The first of the Southwestern humorists, Augustus Baldwin Longstreet, was born September 22, 1790 in Augusta, Georgia. Possibly the most accomplished and well-educted of the humorists, Longstreet led a varied and illustrious life. He attended the prestigious Waddell School in Willinton, South Carolina and then entered Yale College. He was a lawyer and served politically on the State Assembly in Georgia and as an elected judge in 1821-1822. After the death of his son in 1824 (one of six children to die as an infant) Longstreet withdrew from political office.

In 1830 he began writing sketches that would be collected into the classic text of Southwestern humor, Georgia Scenes, published in 1835. These nineteen stories appeared first as separate publications in the Milledgeville, Georgia Southern Recorder and in the Augusta States Rights Sentinel-- of which Longstreet was the editor. His stories held an appeal for all--ranging from a didactic, authoritative tone in "The Charming Creature as a Wife" to the raucous and crude humor of "The Horse Swap"and "The Fight". It is in his most famous story, "The Fight", that Southwestern humor acquires the character type of the ring-tailed roarer with Ransy Sniffle. Sniffle is the first of the frontier troublemakers and will serve as a model for literary characters even into the twentieth-century with Faulkner's Flem Snopes.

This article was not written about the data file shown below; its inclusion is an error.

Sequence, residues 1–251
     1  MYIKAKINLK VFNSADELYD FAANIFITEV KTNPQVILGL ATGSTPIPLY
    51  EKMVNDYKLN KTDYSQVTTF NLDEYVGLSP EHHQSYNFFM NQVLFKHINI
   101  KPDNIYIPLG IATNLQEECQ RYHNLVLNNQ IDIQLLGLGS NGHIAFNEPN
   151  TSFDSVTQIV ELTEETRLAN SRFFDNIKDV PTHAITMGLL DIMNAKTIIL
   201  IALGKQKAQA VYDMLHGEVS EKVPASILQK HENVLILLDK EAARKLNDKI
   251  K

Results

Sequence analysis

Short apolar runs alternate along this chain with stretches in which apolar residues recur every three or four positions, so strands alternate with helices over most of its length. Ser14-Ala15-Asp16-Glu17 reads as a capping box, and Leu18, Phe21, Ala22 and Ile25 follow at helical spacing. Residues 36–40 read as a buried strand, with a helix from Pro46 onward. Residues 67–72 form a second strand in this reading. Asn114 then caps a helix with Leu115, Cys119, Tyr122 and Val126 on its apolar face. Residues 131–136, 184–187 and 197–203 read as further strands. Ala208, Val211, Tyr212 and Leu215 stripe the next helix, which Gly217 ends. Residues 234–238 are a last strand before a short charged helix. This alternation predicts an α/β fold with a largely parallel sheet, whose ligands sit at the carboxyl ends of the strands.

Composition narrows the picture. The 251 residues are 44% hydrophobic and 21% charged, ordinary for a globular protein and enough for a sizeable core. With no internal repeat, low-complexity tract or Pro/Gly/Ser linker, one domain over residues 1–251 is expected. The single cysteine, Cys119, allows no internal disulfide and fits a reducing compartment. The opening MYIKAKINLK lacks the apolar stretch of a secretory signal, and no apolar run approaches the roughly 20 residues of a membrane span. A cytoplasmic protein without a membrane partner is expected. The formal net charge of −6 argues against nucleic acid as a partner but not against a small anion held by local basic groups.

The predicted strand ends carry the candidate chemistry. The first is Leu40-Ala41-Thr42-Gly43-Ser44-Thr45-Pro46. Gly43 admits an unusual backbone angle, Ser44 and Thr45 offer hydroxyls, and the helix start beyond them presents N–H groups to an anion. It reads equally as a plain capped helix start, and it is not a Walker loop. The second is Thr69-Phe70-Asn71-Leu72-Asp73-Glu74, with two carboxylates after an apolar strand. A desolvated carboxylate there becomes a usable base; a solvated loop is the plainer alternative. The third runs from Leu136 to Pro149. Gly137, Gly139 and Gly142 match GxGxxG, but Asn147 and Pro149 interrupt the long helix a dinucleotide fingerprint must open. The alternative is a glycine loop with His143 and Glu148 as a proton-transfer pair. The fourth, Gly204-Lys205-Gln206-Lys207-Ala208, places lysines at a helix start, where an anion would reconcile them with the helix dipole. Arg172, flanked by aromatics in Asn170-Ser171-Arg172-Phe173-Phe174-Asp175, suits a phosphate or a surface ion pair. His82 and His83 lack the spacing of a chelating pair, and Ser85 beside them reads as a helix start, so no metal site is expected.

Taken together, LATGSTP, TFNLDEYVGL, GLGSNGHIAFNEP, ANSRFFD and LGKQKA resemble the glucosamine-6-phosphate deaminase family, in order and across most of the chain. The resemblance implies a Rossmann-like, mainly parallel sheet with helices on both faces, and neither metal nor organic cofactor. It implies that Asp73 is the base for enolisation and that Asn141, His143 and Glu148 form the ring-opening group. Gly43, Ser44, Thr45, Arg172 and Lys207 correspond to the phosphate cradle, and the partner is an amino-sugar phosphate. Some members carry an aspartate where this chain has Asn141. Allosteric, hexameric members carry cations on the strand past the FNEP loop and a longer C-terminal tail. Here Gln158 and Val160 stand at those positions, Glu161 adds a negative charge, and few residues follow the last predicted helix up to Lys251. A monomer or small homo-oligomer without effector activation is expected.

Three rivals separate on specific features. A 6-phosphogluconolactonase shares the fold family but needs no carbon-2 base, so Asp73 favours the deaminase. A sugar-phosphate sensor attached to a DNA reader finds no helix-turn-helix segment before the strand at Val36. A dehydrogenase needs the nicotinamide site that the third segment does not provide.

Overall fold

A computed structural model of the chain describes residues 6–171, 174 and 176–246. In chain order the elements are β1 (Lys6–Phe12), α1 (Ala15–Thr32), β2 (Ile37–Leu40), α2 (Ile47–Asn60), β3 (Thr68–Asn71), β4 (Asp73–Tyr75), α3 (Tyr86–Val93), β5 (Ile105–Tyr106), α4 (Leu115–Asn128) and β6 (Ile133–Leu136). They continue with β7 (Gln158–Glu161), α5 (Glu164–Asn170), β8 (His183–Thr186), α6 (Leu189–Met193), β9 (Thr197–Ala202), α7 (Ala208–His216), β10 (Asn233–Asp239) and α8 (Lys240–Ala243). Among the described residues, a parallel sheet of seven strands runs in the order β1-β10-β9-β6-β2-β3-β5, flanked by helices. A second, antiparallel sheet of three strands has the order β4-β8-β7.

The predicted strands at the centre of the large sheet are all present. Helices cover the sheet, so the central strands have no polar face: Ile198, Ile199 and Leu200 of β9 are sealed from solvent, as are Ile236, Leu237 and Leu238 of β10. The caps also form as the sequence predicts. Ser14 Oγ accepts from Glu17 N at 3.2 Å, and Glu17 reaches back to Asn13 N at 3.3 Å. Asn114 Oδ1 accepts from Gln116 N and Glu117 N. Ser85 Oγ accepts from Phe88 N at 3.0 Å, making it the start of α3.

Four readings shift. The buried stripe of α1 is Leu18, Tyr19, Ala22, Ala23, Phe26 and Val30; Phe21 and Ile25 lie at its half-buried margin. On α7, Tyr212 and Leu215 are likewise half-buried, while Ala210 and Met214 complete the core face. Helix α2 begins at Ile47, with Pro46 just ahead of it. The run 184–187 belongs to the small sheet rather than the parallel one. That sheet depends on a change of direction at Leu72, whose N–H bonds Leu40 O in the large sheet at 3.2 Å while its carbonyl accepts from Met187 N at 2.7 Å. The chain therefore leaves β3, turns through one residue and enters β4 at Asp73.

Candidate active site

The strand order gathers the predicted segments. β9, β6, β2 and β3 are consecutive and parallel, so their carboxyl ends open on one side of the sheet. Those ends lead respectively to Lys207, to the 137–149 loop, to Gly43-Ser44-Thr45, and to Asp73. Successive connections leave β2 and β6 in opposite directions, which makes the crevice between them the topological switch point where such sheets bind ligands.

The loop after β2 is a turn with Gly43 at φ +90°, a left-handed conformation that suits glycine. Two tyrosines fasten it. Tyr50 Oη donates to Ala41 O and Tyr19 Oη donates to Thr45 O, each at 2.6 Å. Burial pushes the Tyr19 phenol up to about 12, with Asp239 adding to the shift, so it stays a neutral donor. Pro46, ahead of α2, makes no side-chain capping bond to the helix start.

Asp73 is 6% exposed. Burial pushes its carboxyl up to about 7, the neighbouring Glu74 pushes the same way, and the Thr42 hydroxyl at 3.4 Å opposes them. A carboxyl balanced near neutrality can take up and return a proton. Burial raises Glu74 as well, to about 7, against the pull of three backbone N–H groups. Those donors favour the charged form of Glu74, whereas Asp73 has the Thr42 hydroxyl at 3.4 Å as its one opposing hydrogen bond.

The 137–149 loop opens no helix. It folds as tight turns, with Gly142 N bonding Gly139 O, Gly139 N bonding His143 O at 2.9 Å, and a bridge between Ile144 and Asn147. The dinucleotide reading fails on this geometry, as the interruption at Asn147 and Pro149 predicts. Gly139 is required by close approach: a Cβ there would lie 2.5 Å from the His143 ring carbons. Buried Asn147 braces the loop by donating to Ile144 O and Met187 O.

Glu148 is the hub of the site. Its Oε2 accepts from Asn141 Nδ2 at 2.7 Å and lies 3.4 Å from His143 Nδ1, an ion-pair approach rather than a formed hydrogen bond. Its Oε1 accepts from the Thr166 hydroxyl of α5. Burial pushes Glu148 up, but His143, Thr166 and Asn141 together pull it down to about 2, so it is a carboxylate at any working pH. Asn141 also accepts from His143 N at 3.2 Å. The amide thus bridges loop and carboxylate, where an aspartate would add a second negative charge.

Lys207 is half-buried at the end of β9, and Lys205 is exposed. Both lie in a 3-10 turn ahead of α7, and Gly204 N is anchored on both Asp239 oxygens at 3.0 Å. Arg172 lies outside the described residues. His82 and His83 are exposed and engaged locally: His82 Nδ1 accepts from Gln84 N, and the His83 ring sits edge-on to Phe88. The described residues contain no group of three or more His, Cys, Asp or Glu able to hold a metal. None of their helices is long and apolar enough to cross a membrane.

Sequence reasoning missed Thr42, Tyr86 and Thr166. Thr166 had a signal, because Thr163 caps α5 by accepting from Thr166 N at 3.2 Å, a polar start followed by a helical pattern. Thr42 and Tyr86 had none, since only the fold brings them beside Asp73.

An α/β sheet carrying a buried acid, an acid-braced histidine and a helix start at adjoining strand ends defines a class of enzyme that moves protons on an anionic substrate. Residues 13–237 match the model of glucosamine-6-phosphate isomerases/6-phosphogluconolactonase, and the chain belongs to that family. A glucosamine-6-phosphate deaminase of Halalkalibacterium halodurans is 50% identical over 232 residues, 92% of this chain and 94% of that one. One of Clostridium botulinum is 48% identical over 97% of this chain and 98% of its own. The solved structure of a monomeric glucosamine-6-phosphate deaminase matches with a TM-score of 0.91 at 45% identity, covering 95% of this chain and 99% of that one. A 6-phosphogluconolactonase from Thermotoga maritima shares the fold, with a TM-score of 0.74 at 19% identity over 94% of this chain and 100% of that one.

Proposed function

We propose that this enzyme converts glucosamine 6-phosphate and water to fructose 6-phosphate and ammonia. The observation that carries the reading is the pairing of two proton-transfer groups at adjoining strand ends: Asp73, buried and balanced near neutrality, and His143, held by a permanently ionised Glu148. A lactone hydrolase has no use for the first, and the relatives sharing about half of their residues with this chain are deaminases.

In 1838, Longstreet became a Methodist minister and often appeared to regret the brusqueness of his earlier writing. Before his death in 1870, Longstreet served as the president of Emory College, Centenary College, Mississippi State University and South Carolina State University. He remained active in Confederate concerns, such as states' rights and the secession movement, writing a book entitled A Voice From the South in 1847. Despite his impressive career-- spanning education, religion and politics-- Longstreet is best remembered for his contribution to the creation of the genre of Southwestern humor.